Climate Wars – Gwynne Dyer (2008)


Does that sound scary enough? It sure as hell does to me. Canadian geopolitical analyst and syndicated columnist Gwynne Dyer doesn’t pull any punches in this work which illustrates a number of plausible outcomes of the now-well-advanced effects of anthropogenic climate change. Here’s an excerpt from the dust jacket:

“Now that the “debate” about whether human activity is affecting the Earth’s climate is over, the urgent question is what kind of future awaits us?

According to the world’s experts, the more the climate changes, the more everything will change, from everyday questions of what, or indeed whether, we eat to shifting geopolitical alliances.

Governments around the world pay their senior military officers to identify and counter threats to their security, and climate change scenarios that not long ago would have been considered the stuff of Hollywood blockbusters are already looming large in the military planning process.

In other words, if our civilization’s greenhouse gas emissions push global temperatures 2 degrees past pre-industrial levels, not only will we have reached the point at which a series of “feedback” loops trigger further change, we will in all likelihood be headed towards war: war over access to water, over arable land, over dwindling resources.”

Here is a short piece from the book that says it all about our chances:

“But the political, economic and strategic variables are even harder to calculate, and it is they that will decide whether human beings manage to contain [Anthropogenic Climate Change]. The proposed remedies are numerous, but they don’t all match up, and they almost all require that scarcest of commodities—political will.”

Skeptics, Delayers (and millions of other deniers)

My current read is HOT AIR – Jeffrey Simpson, Mark Jaccard and Nic Rivers (2007). Like many other books on the crises currently facing the Earth, the Human and all other species, this book has a section about our individual and collective failure to understand and/or face reality.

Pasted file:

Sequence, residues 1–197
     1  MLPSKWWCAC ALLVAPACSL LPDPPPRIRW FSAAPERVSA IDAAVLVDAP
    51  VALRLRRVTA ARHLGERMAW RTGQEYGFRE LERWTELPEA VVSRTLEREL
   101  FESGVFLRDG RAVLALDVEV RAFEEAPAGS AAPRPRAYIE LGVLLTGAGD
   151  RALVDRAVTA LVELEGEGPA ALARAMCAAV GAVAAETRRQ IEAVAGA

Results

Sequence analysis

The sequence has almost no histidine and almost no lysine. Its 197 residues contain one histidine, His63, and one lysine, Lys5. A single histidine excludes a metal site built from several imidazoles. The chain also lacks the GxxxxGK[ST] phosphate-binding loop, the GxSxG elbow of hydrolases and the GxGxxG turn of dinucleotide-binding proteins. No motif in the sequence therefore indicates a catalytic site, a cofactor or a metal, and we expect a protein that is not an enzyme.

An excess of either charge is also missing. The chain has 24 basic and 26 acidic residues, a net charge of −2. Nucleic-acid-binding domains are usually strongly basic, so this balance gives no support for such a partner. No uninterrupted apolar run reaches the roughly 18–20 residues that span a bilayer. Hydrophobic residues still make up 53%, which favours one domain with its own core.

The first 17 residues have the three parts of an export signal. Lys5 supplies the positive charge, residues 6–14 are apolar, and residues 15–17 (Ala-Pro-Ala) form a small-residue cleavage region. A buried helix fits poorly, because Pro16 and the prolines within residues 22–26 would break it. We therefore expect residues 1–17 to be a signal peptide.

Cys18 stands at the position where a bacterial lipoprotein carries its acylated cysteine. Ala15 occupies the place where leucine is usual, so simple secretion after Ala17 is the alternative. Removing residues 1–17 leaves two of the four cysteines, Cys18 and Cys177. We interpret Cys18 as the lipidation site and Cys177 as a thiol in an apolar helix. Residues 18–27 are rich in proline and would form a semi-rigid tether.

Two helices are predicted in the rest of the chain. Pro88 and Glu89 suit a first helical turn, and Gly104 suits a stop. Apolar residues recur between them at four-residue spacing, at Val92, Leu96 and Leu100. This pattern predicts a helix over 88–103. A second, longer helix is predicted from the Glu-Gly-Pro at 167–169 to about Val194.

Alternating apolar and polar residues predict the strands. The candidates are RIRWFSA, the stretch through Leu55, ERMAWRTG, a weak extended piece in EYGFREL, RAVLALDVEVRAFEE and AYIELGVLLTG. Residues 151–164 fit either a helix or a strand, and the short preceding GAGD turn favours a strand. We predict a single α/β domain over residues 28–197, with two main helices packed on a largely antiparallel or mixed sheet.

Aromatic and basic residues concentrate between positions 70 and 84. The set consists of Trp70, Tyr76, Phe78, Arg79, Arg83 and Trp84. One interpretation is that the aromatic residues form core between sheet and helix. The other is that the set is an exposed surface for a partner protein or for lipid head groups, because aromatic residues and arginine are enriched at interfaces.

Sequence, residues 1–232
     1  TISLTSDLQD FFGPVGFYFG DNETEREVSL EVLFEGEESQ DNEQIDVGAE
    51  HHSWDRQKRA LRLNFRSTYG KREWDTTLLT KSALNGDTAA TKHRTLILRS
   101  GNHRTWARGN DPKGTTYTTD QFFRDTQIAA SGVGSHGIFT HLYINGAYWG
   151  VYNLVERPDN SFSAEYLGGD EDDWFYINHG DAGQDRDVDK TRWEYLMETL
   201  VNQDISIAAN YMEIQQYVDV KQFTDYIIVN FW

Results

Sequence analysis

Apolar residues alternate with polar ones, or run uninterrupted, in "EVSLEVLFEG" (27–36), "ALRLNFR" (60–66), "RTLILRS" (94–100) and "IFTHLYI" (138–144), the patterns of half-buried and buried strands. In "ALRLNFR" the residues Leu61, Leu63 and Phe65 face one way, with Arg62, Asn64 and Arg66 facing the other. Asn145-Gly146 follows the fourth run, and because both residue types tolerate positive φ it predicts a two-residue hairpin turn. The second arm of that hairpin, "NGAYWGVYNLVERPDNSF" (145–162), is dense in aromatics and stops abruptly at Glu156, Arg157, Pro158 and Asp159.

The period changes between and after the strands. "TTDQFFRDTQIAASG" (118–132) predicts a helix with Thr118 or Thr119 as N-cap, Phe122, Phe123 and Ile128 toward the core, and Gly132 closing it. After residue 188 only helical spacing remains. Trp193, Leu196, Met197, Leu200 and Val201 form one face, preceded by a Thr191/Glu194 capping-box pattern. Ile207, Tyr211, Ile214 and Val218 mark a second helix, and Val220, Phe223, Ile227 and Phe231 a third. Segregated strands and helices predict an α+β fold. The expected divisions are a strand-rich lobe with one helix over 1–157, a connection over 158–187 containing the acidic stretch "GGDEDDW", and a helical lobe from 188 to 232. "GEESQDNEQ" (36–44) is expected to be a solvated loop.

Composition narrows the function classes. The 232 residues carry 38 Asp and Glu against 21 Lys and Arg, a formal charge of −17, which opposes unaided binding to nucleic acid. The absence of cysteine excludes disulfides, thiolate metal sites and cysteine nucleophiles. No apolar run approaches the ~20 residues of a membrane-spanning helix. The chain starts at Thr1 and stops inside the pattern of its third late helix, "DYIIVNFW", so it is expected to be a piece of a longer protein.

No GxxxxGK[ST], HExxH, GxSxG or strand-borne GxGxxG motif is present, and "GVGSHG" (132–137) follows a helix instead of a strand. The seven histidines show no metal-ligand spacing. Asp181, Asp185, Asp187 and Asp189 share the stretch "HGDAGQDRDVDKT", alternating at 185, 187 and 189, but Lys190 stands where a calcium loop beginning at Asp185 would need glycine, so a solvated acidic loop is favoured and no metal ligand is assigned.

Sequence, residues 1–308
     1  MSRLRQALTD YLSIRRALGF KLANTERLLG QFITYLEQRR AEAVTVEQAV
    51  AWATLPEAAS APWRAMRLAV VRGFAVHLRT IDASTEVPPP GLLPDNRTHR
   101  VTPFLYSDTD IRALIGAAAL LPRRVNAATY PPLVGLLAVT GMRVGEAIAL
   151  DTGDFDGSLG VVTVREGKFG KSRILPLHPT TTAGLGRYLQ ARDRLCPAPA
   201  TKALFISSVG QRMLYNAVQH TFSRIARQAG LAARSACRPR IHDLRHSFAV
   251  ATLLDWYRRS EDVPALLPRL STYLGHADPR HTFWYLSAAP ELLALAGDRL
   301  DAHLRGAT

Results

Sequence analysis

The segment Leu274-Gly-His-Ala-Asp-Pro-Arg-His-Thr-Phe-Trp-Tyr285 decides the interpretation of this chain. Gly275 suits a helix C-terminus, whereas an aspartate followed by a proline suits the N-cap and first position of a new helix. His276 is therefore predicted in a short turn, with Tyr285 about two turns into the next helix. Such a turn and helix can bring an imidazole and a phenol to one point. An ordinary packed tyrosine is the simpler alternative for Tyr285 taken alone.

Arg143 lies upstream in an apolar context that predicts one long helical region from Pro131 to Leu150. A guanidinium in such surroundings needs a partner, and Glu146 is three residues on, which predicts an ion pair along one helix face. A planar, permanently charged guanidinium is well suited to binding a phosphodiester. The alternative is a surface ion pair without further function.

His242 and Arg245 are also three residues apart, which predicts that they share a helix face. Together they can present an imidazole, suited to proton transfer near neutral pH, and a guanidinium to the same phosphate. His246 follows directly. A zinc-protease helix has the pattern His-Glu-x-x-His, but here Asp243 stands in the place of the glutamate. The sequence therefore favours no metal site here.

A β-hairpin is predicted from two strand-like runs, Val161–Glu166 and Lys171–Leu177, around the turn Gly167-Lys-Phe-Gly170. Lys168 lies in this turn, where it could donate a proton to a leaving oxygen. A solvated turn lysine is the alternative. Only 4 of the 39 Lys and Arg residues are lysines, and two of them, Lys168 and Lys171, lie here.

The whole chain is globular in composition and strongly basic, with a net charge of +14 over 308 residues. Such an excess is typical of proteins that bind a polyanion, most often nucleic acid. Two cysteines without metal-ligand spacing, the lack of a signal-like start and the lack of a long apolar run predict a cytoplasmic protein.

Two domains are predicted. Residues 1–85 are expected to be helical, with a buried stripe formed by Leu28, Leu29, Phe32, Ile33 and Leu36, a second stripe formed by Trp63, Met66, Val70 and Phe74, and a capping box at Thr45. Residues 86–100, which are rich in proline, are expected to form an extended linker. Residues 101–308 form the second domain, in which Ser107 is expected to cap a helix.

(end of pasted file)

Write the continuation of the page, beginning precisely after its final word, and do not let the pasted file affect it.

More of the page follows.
Below is an excerpt from this section of the book:

“Beyond the skeptics and delayers are millions of citizens for whom climate change has been an abstract problem divorced from their daily preoccupations. Part of the problem in attracting their attention concerns timing. Acting seriously against climate change would impose short- to medium-term costs on companies, governments, and individuals; not taking action will result in costs and risks over a much longer term. The immediate costs tend to be traceable and measurable; the long-term gains tend to be diffuse, and the long-term costs, by definition, remote and uncertain.”

“Even if people feel that doing something about climate change is important, their attention is easily and understandably diverted to more immediate concerns about health care, taxes, jobs, personal security, education. Most people are likely to display only a passing interest in problems lacking a direct link between action today and results tomorrow. Traditionally, cynical politicians count on this.”

“There are also uncertainties about climate change — fewer and fewer with each new study, but nonetheless estimating risks is a challenge. Critics therefore have argued that we should not act until we are certain about the precise dimension of the risk. More study before action has been a constant refrain of climate change skeptics and delayers for two decades in Canada.”

“Curiously, that is not how we address other risks. We follow rather a standard procedure with other hazards in our daily lives and businesses. If many independent experts tell us that a risk is significant, we do not usually pretend that we know more than the experts and act as if the risk were zero. We put on seat belts in case our car crashes, or the police detect us without one — two kinds of risk. We spend money on fire alarms, fire extinguishers, fire insurance, heat-activated sprinklers. We take these precautions even though we are far from certain that our house will catch fire.”

In the past insurance underwriters have charged reduced premiums for those who have done their best to mitigate (the underwriters) risk. Good drivers get a preferential rate on car insurance, those who protect their homes with fire resistant materials and systems that reduce fire risk reduce the premiums they pay for house insurance. Perhaps its time to start lobbying for reduced premiums for policy holders who can show that they are acting in a range of ways to reduce their overall carbon footprint. Since the same companies underwrite all classes of insurance, anyone who reduces carbon emissions will save such companies money – so why should they pay the same premiums as those who do not? This would get the public’s attention!